IF YOU’RE READING THIS YOU COULD BE NEW TO CYCLING OR A VETERAN CYCLIST—EITHER WAY, YOU’RE CURIOUS WHY SO MANY ROADIES AND MOUNTAIN BIKERS CHOOSE BIBS OVER REGULAR BIKE SHORTS.
article by Tony Kelsey
Making the switch to bibs comes with a certain hesitancy. Not just for new cyclists. Even riders with years of experience and tens of thousands of miles behind them are reluctant to give bibs a try.
Why the resistance? Generally, it’s the leotard look of bibs. For some, it’s intimidating to imagine themselves wearing something as silly or dopey looking as bibs.
This article will hopefully shed some light on why so many people love them and why you may never go back to traditional shorts once you’ve make the switch.
Bib shorts are not just regular shorts with suspenders added. That is, however, how they got their start. Racers would yank out the drawstrings and use old-fashioned clip-on suspenders to hold their shorts in place instead. Today, the suspenders are integrated into the short, are not removable, and are designed using Lycra or mesh to be lightweight, breathable and easy on your shoulders.
Here’s a few reasons why bibs have become so popular:
1. There’s no waistband. Since there’s no waistband, there’s also no drawstring or itchy, uncomfortable elastic cutting into your abdomen. You’re less likely to feel as if your blood flow and oxygen intake through deep diaphragmatic breathing is being restricted. Therefore, you’ll feel more productive in the saddle, especially over long distances. Another drawback to the traditional waistband is that they collect and retain moisture, which increases the potential for chafing and overall likelihood of discomfort. Bib shorts will leave you feeling completely free and comfortable in the torso.
2. The chamois stays in place. Traditional cycling shorts will end up slipping down over time, and that means the chamois, or pad, will shift as well. Keeping the chamois in place will ensure there is less potential for chafing, saddle sores, and generally unhappy times. Bib shorts by nature are designed in a way that guarantees the chamois stays perfectly in place.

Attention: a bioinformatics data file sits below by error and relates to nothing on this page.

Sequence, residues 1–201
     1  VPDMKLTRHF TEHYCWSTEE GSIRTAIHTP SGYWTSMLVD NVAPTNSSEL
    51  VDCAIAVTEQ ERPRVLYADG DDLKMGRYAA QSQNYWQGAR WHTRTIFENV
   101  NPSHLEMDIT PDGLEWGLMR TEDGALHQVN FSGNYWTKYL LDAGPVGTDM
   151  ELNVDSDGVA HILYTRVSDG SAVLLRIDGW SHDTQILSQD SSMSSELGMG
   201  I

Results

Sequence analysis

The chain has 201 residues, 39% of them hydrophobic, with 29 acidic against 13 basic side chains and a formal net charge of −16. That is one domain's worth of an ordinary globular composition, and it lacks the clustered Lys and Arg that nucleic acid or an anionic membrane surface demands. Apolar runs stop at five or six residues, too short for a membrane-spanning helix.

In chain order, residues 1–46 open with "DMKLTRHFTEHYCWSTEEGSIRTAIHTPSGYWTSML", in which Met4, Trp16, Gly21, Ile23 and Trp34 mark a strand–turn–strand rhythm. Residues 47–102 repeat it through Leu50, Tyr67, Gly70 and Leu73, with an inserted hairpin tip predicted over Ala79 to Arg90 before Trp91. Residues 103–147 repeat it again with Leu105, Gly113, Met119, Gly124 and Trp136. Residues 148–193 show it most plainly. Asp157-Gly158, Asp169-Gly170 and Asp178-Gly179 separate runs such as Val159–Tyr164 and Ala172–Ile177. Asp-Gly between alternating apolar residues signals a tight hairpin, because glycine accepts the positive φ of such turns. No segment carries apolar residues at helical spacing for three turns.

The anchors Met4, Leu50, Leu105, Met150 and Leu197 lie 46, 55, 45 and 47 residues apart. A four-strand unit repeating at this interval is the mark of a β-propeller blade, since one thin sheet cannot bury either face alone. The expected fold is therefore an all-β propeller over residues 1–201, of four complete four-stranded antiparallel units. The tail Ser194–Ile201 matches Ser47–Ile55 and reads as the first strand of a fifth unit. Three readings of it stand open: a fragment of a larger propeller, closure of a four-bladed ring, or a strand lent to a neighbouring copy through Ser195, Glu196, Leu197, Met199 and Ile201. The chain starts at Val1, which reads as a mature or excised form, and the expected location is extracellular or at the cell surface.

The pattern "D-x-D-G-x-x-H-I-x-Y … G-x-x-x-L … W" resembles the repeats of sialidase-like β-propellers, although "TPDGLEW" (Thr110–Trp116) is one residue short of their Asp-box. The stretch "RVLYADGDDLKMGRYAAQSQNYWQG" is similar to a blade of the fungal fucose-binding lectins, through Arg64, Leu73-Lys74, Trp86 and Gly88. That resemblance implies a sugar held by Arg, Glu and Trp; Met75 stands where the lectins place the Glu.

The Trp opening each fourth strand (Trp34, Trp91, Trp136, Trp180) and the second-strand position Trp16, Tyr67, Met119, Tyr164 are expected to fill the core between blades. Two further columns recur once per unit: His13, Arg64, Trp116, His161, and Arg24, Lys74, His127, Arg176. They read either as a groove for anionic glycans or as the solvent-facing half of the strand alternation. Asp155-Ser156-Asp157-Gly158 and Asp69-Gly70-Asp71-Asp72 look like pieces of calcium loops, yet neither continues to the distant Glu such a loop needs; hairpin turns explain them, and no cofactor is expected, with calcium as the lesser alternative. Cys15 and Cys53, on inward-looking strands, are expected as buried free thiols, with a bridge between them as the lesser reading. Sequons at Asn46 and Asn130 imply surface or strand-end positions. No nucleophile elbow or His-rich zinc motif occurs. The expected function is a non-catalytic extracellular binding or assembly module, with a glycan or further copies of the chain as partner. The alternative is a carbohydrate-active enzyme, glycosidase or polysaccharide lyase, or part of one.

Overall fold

3. Bib straps increase comfort. As mentioned above, bib shorts utilize lightweight, breathable mesh or Lycra straps over the shoulders. While there are a number of advantages to shoulder straps, the biggest benefit is how they comfortably hold the bib as a whole in place without creating pressure or binding points anywhere on the body. Properly fitting bib shorts should disappear when you are in your natural cycling position. You won’t feel anything tugging, binding or chaffing. Our premium bibs (Summit Raptor in retail and Ascent and Summit in custom) are designed with Silhouette™ Engineering, a natural bend or articulation that mimics the contour of your body when you’re on your bike. This articulation means that you experience total and complete comfort when on your bike.
4. Showing off doesn’t mean showing skin. The best designed cycling jerseys are shorter in the front to reduce fabric bunching and provide a more aerodynamic fit. For taller riders with traditional shorts that might mean they’ll be sporting the bare midriff when they’re not actually on their bike. With bib shorts being obviously cut higher than a traditional short, a seamless transition between shorts and jersey is maintained at all times. To the onlooker, your bib short and cycling jersey will look just like a jersey and traditional short would; to the wearer though, the difference is as stark as night and day. This is the same from the rear. You won’t ever be tormenting those behind you with an unsightly “plumber’s crack.”
If you’re already a convert to bib shorts you’ll likely agree with the points outlined above. Most cyclists who have converted to bibs have also said they’d never go back to traditional shorts.
Tony Kelsey has nearly 20 years marketing experience, previously serving as global vice president of creative for an international, $1B IT solutions consultancy. Although a self-proclaimed “mediocre” racer in high school, his intense passion for cycling and bicycles in general has never waned. Today he is marketing director at Pactimo and frequently writes about cycling as a sport and hobby.
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